USDA grant supports development of oral IHNV fish vaccine

By Aerin Einstein-Curtis

- Last updated on GMT

Lumen Bioscience is seeking to turn its experience with spirulina into the development of a new style of oral vaccine for a costly fish disease.

The Washington-based biotechnology company is starting the next phase of a project to develop an oral vaccine to protect farmed salmonid fish, like trout and salmon, from the infectious hematopoietic necrosis virus (IHNV). The effort is being supported by a grant from the US Department of Agriculture (USDA), which was announced at the end of May.

The bioscience company grew out of an earlier entity more focused on developing products for the biofuel market, said Michael Tasch, who leads Lumen’s biologics program. Work with spirulina was of interest because there is already a global industry involved with growing it and processing it.

“The food industry and cosmetic industry wants to dispense with old dyes and replace them with natural products, and spirulina makes one of them,” ​he said. “We have created the technology to allow the organism to produce more of [the dye] – that’s our flagship product.”

However, the company also has the ability to make the alginate express proteins of interest – including those that could be used in vaccines.

“It’s about 60-80% protein and we can manipulate its genome to express more, which has been a downfall of other algae platforms,”​ he told FeedNavigator. “It’s hard to get plants or some alginates to express protein at higher levels – but we’ve cracked that code.”

Additionally, spirulina is a generally recognized as safe (GRAS) organism that has already been used in animal feed, said Tasch.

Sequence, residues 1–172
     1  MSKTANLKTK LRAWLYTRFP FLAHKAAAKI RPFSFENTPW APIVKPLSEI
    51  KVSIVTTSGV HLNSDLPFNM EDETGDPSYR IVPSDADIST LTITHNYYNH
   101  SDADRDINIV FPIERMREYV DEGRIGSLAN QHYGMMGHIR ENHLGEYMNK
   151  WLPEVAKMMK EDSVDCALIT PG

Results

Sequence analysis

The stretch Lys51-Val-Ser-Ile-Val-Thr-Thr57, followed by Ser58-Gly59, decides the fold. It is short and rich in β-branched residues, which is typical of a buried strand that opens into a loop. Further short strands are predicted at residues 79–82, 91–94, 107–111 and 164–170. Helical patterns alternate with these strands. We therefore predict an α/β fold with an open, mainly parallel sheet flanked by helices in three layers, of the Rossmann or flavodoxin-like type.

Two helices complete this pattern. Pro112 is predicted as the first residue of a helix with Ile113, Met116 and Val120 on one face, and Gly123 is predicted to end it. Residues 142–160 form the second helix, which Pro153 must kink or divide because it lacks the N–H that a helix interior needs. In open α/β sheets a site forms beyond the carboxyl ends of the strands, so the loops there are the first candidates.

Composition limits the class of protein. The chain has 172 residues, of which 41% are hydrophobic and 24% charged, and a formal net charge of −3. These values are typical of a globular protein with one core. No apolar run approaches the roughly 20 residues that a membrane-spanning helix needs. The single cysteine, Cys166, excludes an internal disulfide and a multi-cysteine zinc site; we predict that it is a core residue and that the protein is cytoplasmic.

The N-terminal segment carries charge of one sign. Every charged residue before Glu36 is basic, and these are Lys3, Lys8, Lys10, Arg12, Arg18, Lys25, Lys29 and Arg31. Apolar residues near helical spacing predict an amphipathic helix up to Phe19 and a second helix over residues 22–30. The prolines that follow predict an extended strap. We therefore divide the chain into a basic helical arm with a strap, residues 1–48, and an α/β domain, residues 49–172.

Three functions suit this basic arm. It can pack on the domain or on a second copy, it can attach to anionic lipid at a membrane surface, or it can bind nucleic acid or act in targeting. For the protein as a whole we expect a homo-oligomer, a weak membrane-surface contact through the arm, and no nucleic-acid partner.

“We’re the only company in the world that has the genetic engineering tech to modify spirulina,” ​he claimed. “We figured out that technology so we’re also developing the production methodologies to grow genetically modified spirulina in-house – so what we’re doing is fairly unprecedented. The big picture is introducing spirulina as an industrial product.”

Addressing IHNV

The virus is an economic problem for producers of salmon and trout, it cannot be treated with antibiotics and there is an industry interest in having a new way to manage the disease, Tasch said of why it was selected.

Vaccines are already available for IHNV, however, their use is considered to have a few downsides, he said. “Fish vaccines are problematic in that the conventional way to deliver a vaccine is to anesthetize a fish in a tank, hold it and inject an oil emulsion of a vaccine – that’s tremendously costly,”​ he added.

The process requires a trained technician, means that the company has to deal with needles and the process can lead to scarring, which lowers the economic value of the fish, he said. “If we can express a vaccine at the protein level – it could be delivered in the form of a specialized feed,”​ he added.

If the project is successful, the company already has interest in exploring a similar handling of other diseases, he said.

Oral vaccine and grant details

The grant is expected to support challenge trials in fish, said Tasch. That part of the research is being done with partnering researchers from Oregon State University.

“This will allow us to test a number of vaccine designs in rainbow trout delivered in a variety of approaches and do it in actual fish and challenge those fish with the actual pathogen to demonstrate safety and efficacy,”​ he said. “It’s a nine-month grant period and we anticipate moving forward in the next few months – we’ll be putting this in fish.”

However, there are also several questions remaining about how the vaccine should be delivered, how it can be mixed with feed and when it should be provided, Tasch said. “For animals it is going to be something that is low cost to deliver and dispenses with the problems – removing needles from the animal husbandry problem, removing stress on the animals and [addressing] how it is finally milled into a product,”​ he added.

In the research with spirulina, a scaffolding has been developed to trigger a response from the fish’s immune system, he said. The scaffold makes it look like a disease is present, but would be non-infectious.

“With our system, we grow it under controlled conditions and we’re able to process it to a shelf stable room temperature powder that can be incorporated into a variety of [products] and potentially a feed for an animal,”​ he said.  

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